After being dropped in New Zealand last winter many thought Steve Harmison had played his last game for England. But he responded magnificiently for Durham; and, had England recalled him earlier, the Test series against South Africa could conceivably have ended differently. Indicative of his new-found zest for playing for England, he even reversed his decision to retire from ODIs - the single act which had most enraged his critics, led by Bob Willis.
Yet in the four months since his recall, Harmison has already managed to be dropped from the ODI and Test side alike. However, it would be grossly premature to say he is in an equally grim position to in New Zealand. His performance in the last Test was respectable enough, save for suffering at the brilliant Virender Sehwag's hands (and how different the game would have been had Sehwag not been dropped of Harmison's bowling). I would have sooner dropped James Anderson, enduring yet another miserable tour.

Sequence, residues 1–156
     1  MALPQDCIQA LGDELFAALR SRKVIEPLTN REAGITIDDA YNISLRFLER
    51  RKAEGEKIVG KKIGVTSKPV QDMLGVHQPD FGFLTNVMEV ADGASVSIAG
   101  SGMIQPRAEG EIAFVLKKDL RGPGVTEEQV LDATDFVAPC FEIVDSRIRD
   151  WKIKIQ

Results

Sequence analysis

In the West Indies, Harmison remains almost certain to play in the first Test. It was there five years ago that he begun his meteoric rise to the world number one spot. For all his faults, he remains England's most fearsome quick when at his best (save perhaps for Simon Jones). England must keep the faith, for the series in the Caribbean at least. Ultimately, Australia's opening batsmen would much sooner line up against Anderson or even Broad than a revved-up Harmison.